The terrain is varied, each region offering different experiences in the landscape, flavours and recipes, wine, and even dialects. Finally, after a series of global delays, my wife Phyllis and I have returned to where we left our hearts and souls in early 2020, our beloved Portugal. We missed this country of delights for so many reasons, both tangible and intangible. Here are some of them.
Deep, delicious dive
Walkable villages, where we prefer to live in Portugal, are a delight. We’ve always loved European culture, especially what we call café life. We happily walk the colourful cobblestone streets, observing locals at the cafés and bars that are so prevalent in any central square or along coastal walkways. It is remarkable how much fun it can be to enjoy a small snack or an entire meal outside.
Ultimately, we get scent-induced hunger pangs. The intoxicating aromas distract us from the beautiful hand-painted historic tiles or intricate calçadas. They beckon us to explore deep into neighbourhoods and villages. This is always our preference. Instead of remaining in tourist-trampled zones, we dig deeper, seeking the small bar restaurants (tascas). We amble down unknown avenues following our noses, seeking out those tascas offering family-tried-and-true dishes, allowing us to taste grandma's cooking, nestling into an authentic experience.
Turf or surf?
Visiting Portugal since the 1980’s, most of our time has been spent in waterfront cities and villages, enjoying a mainstay of Portuguese cuisine—seafood. Plentiful and fresh daily, our earliest exposure to the tasty seafood of the Algarve was on our honeymoon in 1981-82 where we lived for six months in Quarteira and Villamoura.
In Quarteira, down the main road within walking distance of our small inn, was a tiny thatch-roofed shanty housing a dirt-floored restaurant run by a young couple. As you would find at that time, the oldest son, who was about 12 years old, was our waiter.
We’d order their specialty, frango piri-piri, and an ice-cold Sagres, the Portuguese national beer (cerveja), and enjoy connecting with this lovely Portuguese family. There was a hole in the roof, which allowed most of the smoke to escape from the wood-fired, open-pit style churrasco (bbq). The frango was delicious. The entire meal was a deal at 120 escudos each ($4 US total), including dessert and coffee.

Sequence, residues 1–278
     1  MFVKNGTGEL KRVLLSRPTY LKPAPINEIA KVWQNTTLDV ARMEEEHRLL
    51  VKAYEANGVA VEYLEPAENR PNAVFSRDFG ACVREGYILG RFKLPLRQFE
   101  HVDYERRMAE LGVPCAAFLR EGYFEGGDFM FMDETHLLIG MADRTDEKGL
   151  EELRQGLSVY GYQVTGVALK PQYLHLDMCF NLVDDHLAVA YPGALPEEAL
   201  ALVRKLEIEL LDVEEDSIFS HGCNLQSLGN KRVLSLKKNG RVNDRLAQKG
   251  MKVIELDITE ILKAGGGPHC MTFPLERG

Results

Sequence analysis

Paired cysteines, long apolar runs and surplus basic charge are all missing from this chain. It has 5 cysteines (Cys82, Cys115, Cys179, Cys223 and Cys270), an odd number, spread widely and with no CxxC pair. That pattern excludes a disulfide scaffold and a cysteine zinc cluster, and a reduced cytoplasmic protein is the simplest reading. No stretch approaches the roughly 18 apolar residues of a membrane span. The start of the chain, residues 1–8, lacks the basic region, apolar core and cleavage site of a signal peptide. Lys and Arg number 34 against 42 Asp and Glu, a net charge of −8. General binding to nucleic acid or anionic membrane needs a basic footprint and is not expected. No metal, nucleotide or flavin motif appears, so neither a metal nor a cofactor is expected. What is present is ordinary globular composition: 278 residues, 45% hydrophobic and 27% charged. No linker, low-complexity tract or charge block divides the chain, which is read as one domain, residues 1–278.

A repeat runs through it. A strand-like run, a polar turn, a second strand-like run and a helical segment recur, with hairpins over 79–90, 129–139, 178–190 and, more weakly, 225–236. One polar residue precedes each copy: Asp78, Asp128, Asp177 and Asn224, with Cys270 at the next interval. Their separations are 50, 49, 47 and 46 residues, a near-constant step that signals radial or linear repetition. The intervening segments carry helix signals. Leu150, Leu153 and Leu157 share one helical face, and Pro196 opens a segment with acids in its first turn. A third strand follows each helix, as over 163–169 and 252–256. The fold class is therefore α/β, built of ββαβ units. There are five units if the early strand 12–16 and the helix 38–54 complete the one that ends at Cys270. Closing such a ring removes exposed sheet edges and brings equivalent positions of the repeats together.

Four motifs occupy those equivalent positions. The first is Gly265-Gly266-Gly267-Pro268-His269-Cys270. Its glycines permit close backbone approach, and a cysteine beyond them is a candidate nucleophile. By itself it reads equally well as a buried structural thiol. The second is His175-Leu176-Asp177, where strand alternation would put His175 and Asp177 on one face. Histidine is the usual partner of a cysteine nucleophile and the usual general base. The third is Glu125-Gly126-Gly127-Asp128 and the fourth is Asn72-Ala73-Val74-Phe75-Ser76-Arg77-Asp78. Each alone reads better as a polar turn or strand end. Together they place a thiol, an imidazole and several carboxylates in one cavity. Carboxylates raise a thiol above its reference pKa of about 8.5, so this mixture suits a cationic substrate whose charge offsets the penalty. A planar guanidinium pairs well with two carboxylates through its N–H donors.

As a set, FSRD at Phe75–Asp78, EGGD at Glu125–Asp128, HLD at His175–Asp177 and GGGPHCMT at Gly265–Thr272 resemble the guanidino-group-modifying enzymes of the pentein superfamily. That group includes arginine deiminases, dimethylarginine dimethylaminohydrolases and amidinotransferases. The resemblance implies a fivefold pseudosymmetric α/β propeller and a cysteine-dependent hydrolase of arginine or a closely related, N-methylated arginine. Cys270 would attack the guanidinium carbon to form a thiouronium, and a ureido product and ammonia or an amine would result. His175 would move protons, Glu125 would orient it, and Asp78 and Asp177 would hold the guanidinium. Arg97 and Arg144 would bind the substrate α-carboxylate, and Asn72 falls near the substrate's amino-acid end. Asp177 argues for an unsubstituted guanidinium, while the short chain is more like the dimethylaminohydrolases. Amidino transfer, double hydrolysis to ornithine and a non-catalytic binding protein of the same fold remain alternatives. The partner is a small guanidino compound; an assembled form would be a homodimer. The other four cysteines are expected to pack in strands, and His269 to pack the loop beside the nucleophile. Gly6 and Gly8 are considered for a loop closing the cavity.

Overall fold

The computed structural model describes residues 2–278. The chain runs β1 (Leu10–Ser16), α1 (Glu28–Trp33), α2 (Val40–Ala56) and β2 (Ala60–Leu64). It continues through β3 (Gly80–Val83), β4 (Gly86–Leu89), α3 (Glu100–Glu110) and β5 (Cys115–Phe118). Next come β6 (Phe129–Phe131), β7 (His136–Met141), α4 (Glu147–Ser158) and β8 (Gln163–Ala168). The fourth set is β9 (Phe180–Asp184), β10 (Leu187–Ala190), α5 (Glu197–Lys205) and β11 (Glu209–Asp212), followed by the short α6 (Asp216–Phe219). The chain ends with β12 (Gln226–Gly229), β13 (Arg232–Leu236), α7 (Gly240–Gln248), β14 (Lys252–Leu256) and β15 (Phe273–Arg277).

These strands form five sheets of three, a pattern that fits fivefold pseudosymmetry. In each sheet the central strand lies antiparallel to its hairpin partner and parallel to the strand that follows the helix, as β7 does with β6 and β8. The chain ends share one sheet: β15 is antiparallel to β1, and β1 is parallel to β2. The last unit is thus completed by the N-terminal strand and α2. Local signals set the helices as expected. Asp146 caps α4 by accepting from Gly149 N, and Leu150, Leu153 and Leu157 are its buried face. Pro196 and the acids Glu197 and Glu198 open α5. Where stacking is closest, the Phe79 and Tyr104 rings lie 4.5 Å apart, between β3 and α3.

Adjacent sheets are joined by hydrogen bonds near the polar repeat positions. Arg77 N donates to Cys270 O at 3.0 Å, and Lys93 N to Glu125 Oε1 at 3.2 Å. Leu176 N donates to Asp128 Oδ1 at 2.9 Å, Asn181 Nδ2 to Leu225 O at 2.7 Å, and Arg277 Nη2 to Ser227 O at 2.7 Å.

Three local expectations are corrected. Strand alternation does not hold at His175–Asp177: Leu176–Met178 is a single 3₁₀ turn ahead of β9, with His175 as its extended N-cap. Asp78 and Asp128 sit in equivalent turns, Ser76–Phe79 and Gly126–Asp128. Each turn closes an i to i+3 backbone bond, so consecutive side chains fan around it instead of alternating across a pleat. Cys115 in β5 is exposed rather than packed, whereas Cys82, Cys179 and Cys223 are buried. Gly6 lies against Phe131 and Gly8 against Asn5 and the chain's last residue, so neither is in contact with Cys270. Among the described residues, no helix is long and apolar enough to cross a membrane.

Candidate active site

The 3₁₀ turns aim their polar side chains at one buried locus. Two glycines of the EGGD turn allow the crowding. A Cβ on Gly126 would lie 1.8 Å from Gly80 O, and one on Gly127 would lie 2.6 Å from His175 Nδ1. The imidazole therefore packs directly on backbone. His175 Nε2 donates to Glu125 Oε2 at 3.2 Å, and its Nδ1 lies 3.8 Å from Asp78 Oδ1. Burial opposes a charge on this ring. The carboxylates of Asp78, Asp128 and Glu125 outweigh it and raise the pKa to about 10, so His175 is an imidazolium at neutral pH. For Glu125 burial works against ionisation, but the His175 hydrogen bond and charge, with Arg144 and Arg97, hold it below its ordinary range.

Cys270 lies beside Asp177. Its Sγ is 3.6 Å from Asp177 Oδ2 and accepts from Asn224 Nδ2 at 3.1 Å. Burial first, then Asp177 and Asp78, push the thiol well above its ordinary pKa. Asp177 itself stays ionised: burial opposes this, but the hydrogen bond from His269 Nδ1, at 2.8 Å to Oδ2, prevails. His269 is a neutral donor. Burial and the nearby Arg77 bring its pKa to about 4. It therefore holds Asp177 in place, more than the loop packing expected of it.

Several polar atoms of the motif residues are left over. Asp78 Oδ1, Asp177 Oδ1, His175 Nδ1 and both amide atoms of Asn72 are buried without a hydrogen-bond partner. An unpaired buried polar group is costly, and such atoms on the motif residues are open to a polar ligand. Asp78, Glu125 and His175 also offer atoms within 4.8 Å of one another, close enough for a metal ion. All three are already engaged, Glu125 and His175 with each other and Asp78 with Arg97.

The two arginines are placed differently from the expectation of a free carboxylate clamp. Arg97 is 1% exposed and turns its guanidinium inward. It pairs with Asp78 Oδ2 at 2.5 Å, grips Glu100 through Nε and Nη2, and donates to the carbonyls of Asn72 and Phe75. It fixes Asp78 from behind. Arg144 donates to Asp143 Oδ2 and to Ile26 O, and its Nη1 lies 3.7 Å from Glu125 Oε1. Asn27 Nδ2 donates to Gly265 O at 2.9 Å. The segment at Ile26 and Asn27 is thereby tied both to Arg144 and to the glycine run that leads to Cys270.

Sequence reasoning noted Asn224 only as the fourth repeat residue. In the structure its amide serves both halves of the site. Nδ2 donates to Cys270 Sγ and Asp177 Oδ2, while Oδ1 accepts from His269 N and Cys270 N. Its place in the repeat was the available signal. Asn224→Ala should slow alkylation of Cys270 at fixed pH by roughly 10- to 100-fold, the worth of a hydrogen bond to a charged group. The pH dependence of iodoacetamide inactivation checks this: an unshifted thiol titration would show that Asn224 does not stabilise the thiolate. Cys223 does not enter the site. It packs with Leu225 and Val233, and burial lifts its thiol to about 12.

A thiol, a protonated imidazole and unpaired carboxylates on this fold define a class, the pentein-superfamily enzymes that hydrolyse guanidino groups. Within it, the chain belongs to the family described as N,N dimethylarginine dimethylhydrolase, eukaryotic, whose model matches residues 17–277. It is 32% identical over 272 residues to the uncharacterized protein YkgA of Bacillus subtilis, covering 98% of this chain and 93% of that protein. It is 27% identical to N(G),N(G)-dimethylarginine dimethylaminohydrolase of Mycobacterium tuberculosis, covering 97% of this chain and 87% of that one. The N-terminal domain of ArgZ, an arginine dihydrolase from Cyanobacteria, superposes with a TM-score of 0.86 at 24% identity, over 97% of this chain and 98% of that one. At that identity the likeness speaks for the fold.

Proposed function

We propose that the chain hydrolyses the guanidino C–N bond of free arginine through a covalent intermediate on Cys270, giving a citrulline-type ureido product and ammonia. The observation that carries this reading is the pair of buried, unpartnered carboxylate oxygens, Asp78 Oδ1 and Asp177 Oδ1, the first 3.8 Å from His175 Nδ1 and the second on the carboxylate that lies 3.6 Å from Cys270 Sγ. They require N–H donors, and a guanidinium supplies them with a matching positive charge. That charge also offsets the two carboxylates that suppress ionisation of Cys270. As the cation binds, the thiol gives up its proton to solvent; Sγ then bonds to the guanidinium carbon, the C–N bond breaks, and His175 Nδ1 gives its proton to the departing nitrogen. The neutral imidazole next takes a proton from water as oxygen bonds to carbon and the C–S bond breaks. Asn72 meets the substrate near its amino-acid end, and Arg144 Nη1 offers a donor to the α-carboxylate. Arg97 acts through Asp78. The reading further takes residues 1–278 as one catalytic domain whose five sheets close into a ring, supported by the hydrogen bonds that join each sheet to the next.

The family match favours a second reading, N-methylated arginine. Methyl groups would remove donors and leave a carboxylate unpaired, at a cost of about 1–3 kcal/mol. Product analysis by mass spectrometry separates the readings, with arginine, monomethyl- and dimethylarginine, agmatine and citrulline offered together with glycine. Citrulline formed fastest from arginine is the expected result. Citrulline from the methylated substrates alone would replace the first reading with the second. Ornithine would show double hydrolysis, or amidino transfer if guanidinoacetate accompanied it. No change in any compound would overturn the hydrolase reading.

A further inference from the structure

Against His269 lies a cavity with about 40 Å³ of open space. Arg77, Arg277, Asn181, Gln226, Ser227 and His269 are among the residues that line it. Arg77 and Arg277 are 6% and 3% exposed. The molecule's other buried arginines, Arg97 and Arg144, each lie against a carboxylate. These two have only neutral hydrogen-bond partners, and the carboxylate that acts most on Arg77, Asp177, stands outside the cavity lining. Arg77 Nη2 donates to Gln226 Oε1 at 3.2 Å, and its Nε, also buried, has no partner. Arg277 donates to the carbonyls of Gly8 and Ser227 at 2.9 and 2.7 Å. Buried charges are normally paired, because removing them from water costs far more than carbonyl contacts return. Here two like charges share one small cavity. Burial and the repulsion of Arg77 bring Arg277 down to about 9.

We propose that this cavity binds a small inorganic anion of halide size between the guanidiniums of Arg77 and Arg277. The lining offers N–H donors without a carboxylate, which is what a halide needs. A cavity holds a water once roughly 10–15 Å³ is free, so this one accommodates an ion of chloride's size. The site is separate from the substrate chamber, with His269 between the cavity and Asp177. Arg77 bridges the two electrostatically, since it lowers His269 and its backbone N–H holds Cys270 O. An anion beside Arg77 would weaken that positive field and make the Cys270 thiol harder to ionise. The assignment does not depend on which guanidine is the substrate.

In Albufeira, our second primary haunt, moored amongst the gentle waves of the inky dark Atlantic nighttime and until the wee hours of the mornings, at least 50 dim lights were bobbing in the distance, squid boats and their masters plying their trade.
We could find lulas (small squid) first thing at dawn, caught overnight, as well as varied and abundant varieties of right-off-the-boat fish. From those balmy mornings, we discovered a forever-favorite dish, stuffed lulas. This perfectly cooked succulent dish is unforgettable. It’s what delicious dreams are made of. To this day, when we return to Portugal, stuffed lulas are what we immediately search for in those small tascas.
The tasty stuffing is made using many ingredients (chefs’ choice) as well as the usual garlic and abundant olive oil. Into those small body pockets go diced tentacles, seasoned by experienced hands, knowledge passed down by moms, dads, and grandparents who take great pride in fabulous family recipes.
We feel we owe our respect and admiration to the Portuguese people in return for their ever-helpful and accommodating ways. In our travels, we’ve found that learning basic, polite phrases in the local language and/or dialect is appreciated. When possible, we respectfully greet locals and order meals in Portuguese. Even when we struggle with the pronunciation (aside from natives, who doesn’t), the Portuguese smile and work toward understanding our communication.
During the crazy times we’ve recently lived through, we missed Portugal and our international community of accepting friends more than ever. This sweet, deeply lasting feeling brings about constant reminisce. We are thrilled to return, be enveloped in that cultural hug, and return the love and admiration.
Portugal beckons us, never lets us go, and we eagerly return to her charming embrace. Saudade saturates us all the way down to our toes. We love Portugal and relish our return.
*Saudade: a nostalgic longing to be near again to something or someone distant, or that has been loved and then lost; “the love that remains.”
Lulas Recheadas (Stuffed Squid)
1 lb (.5 kg) fresh baby squid
1 chouriço sausage, finely chopped
2 onions, chopped and divided in half
2 cloves of garlic, minced and divided in half
4 tomatoes, chopped
1 bay leaf
small handful of fresh parsley, chopped
generous drizzle of olive oil
salt and pepper to taste
Clean the squid. Remove and coarsely chop the tentacles and set aside.
Prepare the stuffing in a large bowl by adding one onion, one clove of garlic, chouriço, and the chopped tentacles. Mix well. Add the egg and mix to bind. Stuff the squid with the mixture. Close them with a toothpick and place in a large baking dish.
In a medium frying pan, sauté the remaining onion and garlic in olive oil over medium heat until fragrant. Add tomatoes, bay leaf, a few pinches of the parsley, and salt and pepper to taste. Simmer for 10 minutes on low heat.
Cover the stuffed squid with the tomato mixture and bake at 255°C for 25-30 minutes. Remove from oven, sprinkle with remaining parsley, and serve.
The latest issue of Relish Portugal is out! In it, Rick Steves remembers Portugal, we explore the daily ritual of coffee and pastry, and readers learn European Portuguese language tips for eating out from our friends at Practice Portuguese. This free-with-subscription English-language food and culture magazine for Portugal lovers everywhere is a gorgeous award-winning, quarterly, online publication. Get it while it’s hot. Sign up and relish the bounty of riches that is Portugal: relishportugal.com.